May 06, 2021, 12:19:20 PM
Forum Rules: Read This Before Posting


Topic: Why is the formula for Bakelite so wonky?  (Read 583 times)

0 Members and 1 Guest are viewing this topic.

Offline Schwarz107

  • Regular Member
  • ***
  • Posts: 30
  • Mole Snacks: +1/-0
Why is the formula for Bakelite so wonky?
« on: November 07, 2019, 01:04:15 PM »
I am learning about Bakelite, and looking up the chemical structure I see something I've never seen before. A wonky structure of which I don't know what's called. Why does Bakelite have such a wonky structure, and is there a proper word to describe such 'wonkyness'?


Online Borek

  • Mr. pH
  • Administrator
  • Deity Member
  • *
  • Posts: 26485
  • Mole Snacks: +1721/-402
  • Gender: Male
  • I am known to be occasionally wrong.
    • Chembuddy
Re: Why is the formula for Bakelite so wonky?
« Reply #1 on: November 07, 2019, 03:30:05 PM »
First of all, this is a 3D structure - but not an ordered one. Each ring is connected to up to three others, can you see it? There is an element of randomness present, which is why it is 'wonky'.
ChemBuddy chemical calculators - stoichiometry, pH, concentration, buffer preparation, titrations.info, pH-meter.info

Offline AWK

  • Retired Staff
  • Sr. Member
  • *
  • Posts: 7984
  • Mole Snacks: +555/-93
  • Gender: Male
Re: Why is the formula for Bakelite so wonky?
« Reply #2 on: November 07, 2019, 04:04:30 PM »
Polymers as macromolecular compounds do not have a strictly defined structure, e.g. high-density polyethylene (HDPE) consists of 10,000 to 100,000 molecules of ethylene in a linear chain (we do not know the exact length of the chain, but we do know that the molecule is linear). In the case of bakelite, the matter becomes more complicated.  Phenol with formaldehyde forms 2,4,6-tris(hydroxymethyl)phenol. Each of the three hydroxymethyl groups can condense with subsequent phenol molecules in positions 2, 4 or 6 (not necessarily regularly).  Two hydroxymethyl groups by condensation form irregular chains of phenolic residues connected to each other by CH2 groups and a third reactive group connects these chains in a plane or space. The picture from Wikipedia does not yet show all the possibilities (but is therefore reasonably clear).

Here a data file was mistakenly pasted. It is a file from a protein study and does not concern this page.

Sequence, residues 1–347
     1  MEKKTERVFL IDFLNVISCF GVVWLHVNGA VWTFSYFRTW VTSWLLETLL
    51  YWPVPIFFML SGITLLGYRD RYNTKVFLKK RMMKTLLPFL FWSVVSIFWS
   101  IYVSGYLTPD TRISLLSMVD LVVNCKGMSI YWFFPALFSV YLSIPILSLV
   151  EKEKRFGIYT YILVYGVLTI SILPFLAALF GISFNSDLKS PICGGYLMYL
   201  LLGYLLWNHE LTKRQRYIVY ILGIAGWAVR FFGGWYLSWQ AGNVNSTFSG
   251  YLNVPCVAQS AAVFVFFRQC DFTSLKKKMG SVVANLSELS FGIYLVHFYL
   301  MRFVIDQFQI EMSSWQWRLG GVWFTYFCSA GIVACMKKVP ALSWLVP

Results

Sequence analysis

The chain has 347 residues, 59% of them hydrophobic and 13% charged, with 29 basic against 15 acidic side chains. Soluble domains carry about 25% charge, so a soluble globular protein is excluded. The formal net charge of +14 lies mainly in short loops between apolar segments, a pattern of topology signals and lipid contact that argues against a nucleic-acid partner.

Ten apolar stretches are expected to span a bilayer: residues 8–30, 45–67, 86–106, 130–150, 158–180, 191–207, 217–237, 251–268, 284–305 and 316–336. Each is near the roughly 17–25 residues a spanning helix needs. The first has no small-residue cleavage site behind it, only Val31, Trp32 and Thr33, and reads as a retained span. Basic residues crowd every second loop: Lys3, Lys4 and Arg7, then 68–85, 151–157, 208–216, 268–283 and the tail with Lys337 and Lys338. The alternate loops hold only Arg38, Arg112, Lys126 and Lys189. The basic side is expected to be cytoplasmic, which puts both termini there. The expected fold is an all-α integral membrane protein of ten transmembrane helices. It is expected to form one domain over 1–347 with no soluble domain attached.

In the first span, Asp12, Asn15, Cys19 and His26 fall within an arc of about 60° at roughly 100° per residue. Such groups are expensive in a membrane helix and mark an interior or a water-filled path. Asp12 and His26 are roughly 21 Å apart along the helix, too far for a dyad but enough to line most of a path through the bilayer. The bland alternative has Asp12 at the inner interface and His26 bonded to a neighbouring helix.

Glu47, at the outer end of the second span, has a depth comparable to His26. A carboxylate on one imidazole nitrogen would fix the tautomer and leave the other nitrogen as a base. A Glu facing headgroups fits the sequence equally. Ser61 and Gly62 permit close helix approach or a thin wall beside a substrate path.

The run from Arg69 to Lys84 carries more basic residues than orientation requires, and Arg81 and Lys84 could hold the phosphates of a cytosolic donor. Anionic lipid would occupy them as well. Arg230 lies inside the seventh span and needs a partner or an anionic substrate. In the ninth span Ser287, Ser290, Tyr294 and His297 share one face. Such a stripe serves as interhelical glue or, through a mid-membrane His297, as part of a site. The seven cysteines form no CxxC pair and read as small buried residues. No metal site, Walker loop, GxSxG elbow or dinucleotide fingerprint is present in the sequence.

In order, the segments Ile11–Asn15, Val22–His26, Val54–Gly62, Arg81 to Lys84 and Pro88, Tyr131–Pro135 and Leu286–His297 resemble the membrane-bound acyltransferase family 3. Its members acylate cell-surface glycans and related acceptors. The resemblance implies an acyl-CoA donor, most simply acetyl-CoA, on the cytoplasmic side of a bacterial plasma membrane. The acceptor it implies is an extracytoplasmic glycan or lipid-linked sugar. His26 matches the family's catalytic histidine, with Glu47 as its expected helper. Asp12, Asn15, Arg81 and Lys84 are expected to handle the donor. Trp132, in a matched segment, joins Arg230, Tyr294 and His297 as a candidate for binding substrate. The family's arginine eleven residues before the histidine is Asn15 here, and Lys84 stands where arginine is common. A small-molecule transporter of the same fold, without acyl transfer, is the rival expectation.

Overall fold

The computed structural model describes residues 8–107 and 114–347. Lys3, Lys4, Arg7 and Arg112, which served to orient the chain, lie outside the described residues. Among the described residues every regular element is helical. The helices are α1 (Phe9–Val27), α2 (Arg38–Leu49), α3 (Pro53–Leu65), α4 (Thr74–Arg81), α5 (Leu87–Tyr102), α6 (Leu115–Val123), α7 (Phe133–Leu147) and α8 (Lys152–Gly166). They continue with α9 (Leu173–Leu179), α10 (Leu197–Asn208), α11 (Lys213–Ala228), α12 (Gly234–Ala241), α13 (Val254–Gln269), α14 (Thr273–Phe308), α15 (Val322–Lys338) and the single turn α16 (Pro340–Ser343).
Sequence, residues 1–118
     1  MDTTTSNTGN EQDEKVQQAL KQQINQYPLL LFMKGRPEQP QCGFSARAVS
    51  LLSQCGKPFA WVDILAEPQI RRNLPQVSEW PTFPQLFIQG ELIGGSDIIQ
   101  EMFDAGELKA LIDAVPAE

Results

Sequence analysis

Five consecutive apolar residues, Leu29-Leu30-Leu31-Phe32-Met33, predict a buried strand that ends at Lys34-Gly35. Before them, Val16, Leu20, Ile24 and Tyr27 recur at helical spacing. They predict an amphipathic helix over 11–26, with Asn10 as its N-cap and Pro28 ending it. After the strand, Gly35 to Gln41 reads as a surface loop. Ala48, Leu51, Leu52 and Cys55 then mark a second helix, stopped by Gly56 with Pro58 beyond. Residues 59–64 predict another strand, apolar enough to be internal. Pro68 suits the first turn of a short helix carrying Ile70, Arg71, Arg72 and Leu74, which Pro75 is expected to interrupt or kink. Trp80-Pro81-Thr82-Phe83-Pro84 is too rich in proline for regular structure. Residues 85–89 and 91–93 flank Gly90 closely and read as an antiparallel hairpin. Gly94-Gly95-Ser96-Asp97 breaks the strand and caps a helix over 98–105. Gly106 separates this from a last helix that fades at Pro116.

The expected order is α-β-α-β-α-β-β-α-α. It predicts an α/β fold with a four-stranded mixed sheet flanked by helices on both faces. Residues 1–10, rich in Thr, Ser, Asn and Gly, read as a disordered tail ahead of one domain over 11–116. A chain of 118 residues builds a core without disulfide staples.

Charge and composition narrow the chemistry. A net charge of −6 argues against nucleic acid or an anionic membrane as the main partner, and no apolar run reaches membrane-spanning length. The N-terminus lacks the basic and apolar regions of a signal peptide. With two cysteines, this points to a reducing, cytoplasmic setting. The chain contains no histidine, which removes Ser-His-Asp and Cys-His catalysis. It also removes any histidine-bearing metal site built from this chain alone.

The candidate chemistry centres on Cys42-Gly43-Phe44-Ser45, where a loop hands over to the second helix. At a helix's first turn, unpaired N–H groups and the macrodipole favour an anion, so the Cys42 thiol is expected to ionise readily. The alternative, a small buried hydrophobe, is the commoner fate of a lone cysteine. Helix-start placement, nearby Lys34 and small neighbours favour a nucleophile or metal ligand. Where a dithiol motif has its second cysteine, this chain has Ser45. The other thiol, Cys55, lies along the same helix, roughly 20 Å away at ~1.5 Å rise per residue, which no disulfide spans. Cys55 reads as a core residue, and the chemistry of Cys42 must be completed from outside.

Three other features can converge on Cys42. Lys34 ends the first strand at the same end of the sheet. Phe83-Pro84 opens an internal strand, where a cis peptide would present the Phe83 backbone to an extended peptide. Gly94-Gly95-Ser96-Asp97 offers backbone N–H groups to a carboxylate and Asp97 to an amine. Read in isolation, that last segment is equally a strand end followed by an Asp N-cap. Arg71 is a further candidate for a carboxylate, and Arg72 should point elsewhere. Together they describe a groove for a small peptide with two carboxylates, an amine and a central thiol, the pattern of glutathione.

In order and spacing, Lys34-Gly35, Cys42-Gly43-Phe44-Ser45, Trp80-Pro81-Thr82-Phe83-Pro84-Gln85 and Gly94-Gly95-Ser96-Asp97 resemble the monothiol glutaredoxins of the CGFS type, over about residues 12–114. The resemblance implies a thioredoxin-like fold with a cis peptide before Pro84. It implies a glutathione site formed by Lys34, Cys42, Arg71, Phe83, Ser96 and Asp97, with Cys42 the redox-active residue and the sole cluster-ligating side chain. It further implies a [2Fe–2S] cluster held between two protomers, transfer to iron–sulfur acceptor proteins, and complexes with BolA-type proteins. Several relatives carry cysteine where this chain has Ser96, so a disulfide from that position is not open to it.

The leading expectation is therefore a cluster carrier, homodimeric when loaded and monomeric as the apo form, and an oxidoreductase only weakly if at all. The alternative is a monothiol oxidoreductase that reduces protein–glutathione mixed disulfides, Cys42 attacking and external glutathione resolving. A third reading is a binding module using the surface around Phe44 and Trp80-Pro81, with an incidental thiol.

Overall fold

https://polymerdatabase.com/polymer%20classes/Phenolic%20type.html
AWK

Offline Schwarz107

  • Regular Member
  • ***
  • Posts: 30
  • Mole Snacks: +1/-0
Re: Why is the formula for Bakelite so wonky?
« Reply #3 on: November 08, 2019, 02:06:32 PM »
Thanks, both AWK and Borek!

Borek, you call this an non ordered 3d structure. Would you say amorphous would be synonymous with non ordered?

I am trying to find another compound which has the same nonorderedness to it. I have googled some, but with no luck.


Online Borek

  • Mr. pH
  • Administrator
  • Deity Member
  • *
  • Posts: 26485
  • Mole Snacks: +1721/-402
  • Gender: Male
  • I am known to be occasionally wrong.
    • Chembuddy
Re: Why is the formula for Bakelite so wonky?
« Reply #4 on: November 08, 2019, 05:36:48 PM »
Would you say amorphous would be synonymous with non ordered?

To some extent - yes, but I have a gut feeling it can be dangerous to treat these terms as equivalent.

I am trying to find another compound which has the same nonorderedness to it. I have googled some, but with no luck.

Probably depends on what you mean by "the same".

Trick is, this is an interconnected structure, different from a typical linear polymer. At the same time any polymer made from meres capable of connecting to at least three others will give macromolecules of similar structural properties.
ChemBuddy chemical calculators - stoichiometry, pH, concentration, buffer preparation, titrations.info, pH-meter.info

Offline Schwarz107

  • Regular Member
  • ***
  • Posts: 30
  • Mole Snacks: +1/-0
Re: Why is the formula for Bakelite so wonky?
« Reply #5 on: November 09, 2019, 01:16:50 PM »
Much appreciated!

What I meant with same, was any 3D structure that looks like it's seen through a funhouse mirror, like the one for Bakelite.

Online Borek

  • Mr. pH
  • Administrator
  • Deity Member
  • *
  • Posts: 26485
  • Mole Snacks: +1721/-402
  • Gender: Male
  • I am known to be occasionally wrong.
    • Chembuddy
Re: Why is the formula for Bakelite so wonky?
« Reply #6 on: November 09, 2019, 01:34:30 PM »
Mix of the structure type (number of possible bonds between meres) and the way it is drawn.
ChemBuddy chemical calculators - stoichiometry, pH, concentration, buffer preparation, titrations.info, pH-meter.info

Sponsored Links